Do not throw away expired medications

Expiration date on medications does not indicate that the medication is no longer effective or safe after that date. Having had extensive experience with the production and testing of Migralex, I can reassure you that medications remain safe and effective for years after the expiration date. An article just published in the Wall Street Journal’s “Burning Question” column addresses this issue.

The FDA has conducted a study for the Department of Defense testing 122 different drugs. The conclusion of the study was that 88% of the drugs remain effective for an average of 5 and 1/2 years after the expiration date. The main problem with expired drugs is not that they become dangerous to use, but that their efficacy slowly declines. A doctor quoted in the WSJ article says that there have been no reported cases of toxicity from expired medications. But a decline in efficacy could be a problem with life-saving drugs, such as nitroglycerin for heart, EpiPen for allergies, or insulin for diabetes.

It is very important to store the medications in a dry cool place, rather than in a medicine cabinet in the bathroom, which periodically gets hot and humid. Also, do not leave drugs in a car during the summer – the temperature in a locked car left in the sun can rise to 130 degrees and higher.

I usually advise not to use drugs beyond two years of the expiration date even if they were kept in a dry and cool place. Before using an expired drug inspect the tablet to make sure it hasn’t turned colors, smells bad, or became brittle and crumbling. Obviously, if it is an inexpensive generic drug, get a fresh bottle. However, with expensive drugs, such as some triptans (Relpax, Frova, Axert) and injections of Imitrex (sumatriptan) considerable amounts of money can be safely saved. A common scenario is a patient with cluster headaches who has a bout every couple of years and has only expired injections of Imitrex. It usually takes at least a few days to be seen by a doctor and to get a new prescription, while the attacks of cluster headaches can be devastatingly severe. Again, the worst that can happen is that the injection will be less effective, but usually it will still provide some relief.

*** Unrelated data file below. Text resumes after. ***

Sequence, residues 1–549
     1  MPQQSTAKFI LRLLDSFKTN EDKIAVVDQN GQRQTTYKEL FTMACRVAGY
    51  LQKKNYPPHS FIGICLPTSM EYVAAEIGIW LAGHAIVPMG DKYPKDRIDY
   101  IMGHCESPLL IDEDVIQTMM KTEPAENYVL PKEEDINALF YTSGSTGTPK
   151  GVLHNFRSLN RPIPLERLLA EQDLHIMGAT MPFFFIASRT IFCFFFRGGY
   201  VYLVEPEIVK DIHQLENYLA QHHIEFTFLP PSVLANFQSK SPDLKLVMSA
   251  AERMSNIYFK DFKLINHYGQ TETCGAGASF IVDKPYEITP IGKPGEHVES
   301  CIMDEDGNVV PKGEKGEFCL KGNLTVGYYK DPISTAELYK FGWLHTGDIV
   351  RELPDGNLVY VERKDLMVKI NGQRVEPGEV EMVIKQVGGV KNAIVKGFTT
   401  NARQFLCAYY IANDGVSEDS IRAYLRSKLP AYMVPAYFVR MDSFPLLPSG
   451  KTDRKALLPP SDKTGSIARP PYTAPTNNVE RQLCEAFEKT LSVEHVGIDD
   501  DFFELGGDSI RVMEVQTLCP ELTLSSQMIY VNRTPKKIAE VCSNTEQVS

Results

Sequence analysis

There is a difference in how long expired drugs remain effective depending on the formulation. For example, tablets are the most stable, while creams and liquid drugs, such as drops, are least likely to last past the expiration date.

4 comments
  1. Dr. Mauskop says: 12/27/20168:01 pm

    As long as medicine is kept in a dry cool place, it is usually good for at least two years beyond the expiration date.

  2. Linda says: 12/27/20167:23 pm

    How long can you keep pregabalin

  3. Dr. Mauskop says: 09/03/20144:14 pm

    The study was published in the Journal of Pharmaceutical Sciences in July of 2006 – here is the link

  4. Alison Amsterdam MD says: 09/03/20143:30 pm

    Do you have a citation for the FDA study?

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